Anti-Semitism at Easter linked to conflicting biblical messages about violence: Queen's study
(Kingston, ON) – Drawing on modern psychological concepts like post-traumatic stress disorder, a Queen's University researcher concludes that today's religious strife may have a direct link to the violence of the Easter story and the crucifixion.
The traditional Christian interpretation of the violent death of Jesus on the cross contains an unresolved conflict that has inflamed anti-Semitism in the past, and may be contributing to religious hostility today, says Queen's Religious Studies Professor William Morrow, a specialist in biblical literature with research interests in violence and religion.
Dr. Morrow analyzes ancient biblical texts in light of contemporary concepts about the effects of violence, including post-traumatic stress disorder (PTSD) and vicarious trauma.
"There are distinct risks when the violence of the Easter story is emphasized, as it is in Mel Gibson's new film, The Passion of the Christ," says Dr. Morrow. "It is naïve to think that a focus on the brutality of the crucifixion will have no negative effects on a culture that is still basically shaped by the Christian myth." In fact, some recent expressions of anti-Semitism in North America can be associated with Gibson's film, he notes.
Violent trauma alters a person's self-perception and world view in negative ways. A common characteristic of persons suffering from PTSD is a conflicted interpretation of their trauma. They believe that the violence they experienced was unfair and undeserved, yet at the same time they attempt to justify it (for example, by identifying with the perpetrator).
Developments and changes in beliefs, ritual practices, and mythology in various world religions can be traced to the effects of violence, Dr. Morrow contends. In an article to be published this fall as part of a collection of essays on "Psychology and the Bible: A New Way to Read the Scriptures" he uses the theory of PTSD as a way to interpret the famous and disputed passage about the "suffering servant" in the book of Isaiah, Chapter 53, from the Jewish Bible/Christian Old Testament.
The biblical passage is a message from an unnamed prophet that was delivered to dispirited Israelites whose families had been deported when Babylonians destroyed their homes in Judah and Jerusalem a generation earlier. Through the story of the suffering servant, the prophet attempts to alleviate and re-frame the Israelites' feelings of shame and helplessness. For the first time, Dr. Morrow's theory applies ideas surrounding post-traumatic stress disorder to the interpretation of this key biblical passage.
A goal in contemporary PTSD therapy is to help victims of violence recover by eliminating the idea that the violence they experienced was somehow deserved.
"That's exactly what does not happen in Isaiah 53, because a conflicted interpretation of traumatic suffering was not resolved," says Dr. Morrow. "The people addressed by the prophet are told that although they don't deserve their present suffering, the destruction of Jerusalem in the previous generation was a just punishment by God." But the suffering of the exiled generation was supposed to have a vicarious value, in that future generations would not have to experience the same punishment (violence) deserved by their ancestors.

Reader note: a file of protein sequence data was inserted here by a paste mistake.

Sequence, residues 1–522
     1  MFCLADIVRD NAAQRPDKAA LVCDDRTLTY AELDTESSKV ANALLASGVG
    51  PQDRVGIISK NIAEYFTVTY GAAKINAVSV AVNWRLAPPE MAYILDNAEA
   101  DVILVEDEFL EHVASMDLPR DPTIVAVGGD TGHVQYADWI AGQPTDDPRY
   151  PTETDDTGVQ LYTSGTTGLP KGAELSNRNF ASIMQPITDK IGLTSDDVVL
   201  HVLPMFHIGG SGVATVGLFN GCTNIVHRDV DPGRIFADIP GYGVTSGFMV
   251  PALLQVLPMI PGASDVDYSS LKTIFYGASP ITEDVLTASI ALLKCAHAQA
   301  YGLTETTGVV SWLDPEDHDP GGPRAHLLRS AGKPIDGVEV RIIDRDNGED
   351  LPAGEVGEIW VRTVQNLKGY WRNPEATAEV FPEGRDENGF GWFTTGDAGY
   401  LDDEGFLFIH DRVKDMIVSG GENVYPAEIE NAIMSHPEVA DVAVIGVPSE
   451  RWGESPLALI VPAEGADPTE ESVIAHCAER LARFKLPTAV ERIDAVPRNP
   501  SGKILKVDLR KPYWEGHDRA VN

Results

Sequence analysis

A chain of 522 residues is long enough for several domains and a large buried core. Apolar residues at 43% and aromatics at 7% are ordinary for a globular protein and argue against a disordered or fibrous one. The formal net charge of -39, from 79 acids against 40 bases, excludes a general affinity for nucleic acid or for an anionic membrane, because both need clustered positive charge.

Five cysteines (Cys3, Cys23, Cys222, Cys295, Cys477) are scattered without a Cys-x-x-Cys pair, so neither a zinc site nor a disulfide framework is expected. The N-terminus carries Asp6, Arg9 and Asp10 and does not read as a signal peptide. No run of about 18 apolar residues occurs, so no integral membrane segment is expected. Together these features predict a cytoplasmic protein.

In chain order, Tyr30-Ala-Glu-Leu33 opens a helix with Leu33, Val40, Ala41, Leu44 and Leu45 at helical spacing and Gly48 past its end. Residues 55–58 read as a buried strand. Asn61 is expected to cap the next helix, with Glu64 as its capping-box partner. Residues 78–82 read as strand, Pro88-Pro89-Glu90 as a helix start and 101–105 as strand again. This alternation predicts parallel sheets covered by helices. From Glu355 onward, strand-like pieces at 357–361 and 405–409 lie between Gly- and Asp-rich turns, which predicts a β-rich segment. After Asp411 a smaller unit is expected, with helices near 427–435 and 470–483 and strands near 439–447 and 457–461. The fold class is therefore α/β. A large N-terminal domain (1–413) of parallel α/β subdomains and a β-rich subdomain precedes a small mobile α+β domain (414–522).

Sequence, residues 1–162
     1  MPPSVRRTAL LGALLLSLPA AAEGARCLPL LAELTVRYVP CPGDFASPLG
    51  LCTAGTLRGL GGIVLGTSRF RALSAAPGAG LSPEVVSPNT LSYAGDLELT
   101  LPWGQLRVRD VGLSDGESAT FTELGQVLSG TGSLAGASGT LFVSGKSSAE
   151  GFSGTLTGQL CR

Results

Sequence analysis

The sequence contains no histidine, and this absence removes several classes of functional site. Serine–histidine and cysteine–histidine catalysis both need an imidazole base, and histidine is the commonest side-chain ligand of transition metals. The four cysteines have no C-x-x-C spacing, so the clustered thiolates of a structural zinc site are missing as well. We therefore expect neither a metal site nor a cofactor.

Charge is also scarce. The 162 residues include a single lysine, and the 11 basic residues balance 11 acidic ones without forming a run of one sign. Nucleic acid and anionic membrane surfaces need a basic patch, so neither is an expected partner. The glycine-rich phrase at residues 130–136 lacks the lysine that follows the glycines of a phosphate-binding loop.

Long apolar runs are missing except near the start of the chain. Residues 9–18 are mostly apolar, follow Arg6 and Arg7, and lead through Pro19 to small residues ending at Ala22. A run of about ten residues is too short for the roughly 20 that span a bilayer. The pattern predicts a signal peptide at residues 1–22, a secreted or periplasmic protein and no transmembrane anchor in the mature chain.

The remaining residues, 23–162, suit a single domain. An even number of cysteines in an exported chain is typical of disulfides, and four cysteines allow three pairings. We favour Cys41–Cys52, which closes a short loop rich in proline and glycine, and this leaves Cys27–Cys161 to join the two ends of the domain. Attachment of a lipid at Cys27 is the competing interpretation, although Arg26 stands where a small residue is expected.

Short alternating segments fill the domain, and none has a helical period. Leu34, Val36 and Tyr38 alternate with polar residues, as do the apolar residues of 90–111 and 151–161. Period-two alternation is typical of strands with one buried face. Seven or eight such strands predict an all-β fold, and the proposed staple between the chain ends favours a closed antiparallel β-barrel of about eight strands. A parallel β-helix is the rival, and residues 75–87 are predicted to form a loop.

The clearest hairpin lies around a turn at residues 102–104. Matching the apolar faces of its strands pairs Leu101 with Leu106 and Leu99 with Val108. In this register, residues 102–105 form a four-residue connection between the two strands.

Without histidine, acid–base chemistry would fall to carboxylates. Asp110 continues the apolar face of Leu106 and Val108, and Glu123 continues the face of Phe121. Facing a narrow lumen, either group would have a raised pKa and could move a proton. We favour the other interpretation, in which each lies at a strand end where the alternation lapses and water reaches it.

The same contradiction applies when Jesus' death is interpreted in light of Isaiah 53, the Religious Studies professor suggests. "The message is that this violence [of the crucifixion] was invalid because Jesus was innocent, but at the same time was valid because He took on the punishment that the human race deserves. This is where an anti-Semitic potential lies, which is frequently unnoticed."
While the most obvious potentially anti-Semitic message in the crucifixion story stems from a downplaying of the Roman government's responsibility, readers of the Gospels may also become conflicted when they interpret Jesus' death in terms of the suffering servant story, Dr. Morrow continues. "The violence is bad, but the violence is also good. When the violence of the cross is emphasized, the conflict becomes more severe. One way out is to discharge the conflict by scapegoating – and the story makes the Jews a ready target."
There is an historic relationship between Good Friday services emphasizing the brutality of the crucifixion and Easter progroms (organized massacres) that have occurred in some eastern European peasant cultures, he notes. People have deflected their guilt and fear about being implicated in the violent death of Jesus.
"We need an interpretation of the cross from another perspective, which is 100 per cent against violence," says Dr. Morrow. "I don't think we get that if we concentrate on Jesus as 'suffering servant' in the conventional sacrificial interpretation of the crucifixion
Source: Eurekalert & othersLast reviewed: By John M. Grohol, Psy.D. on 21 Feb 2009
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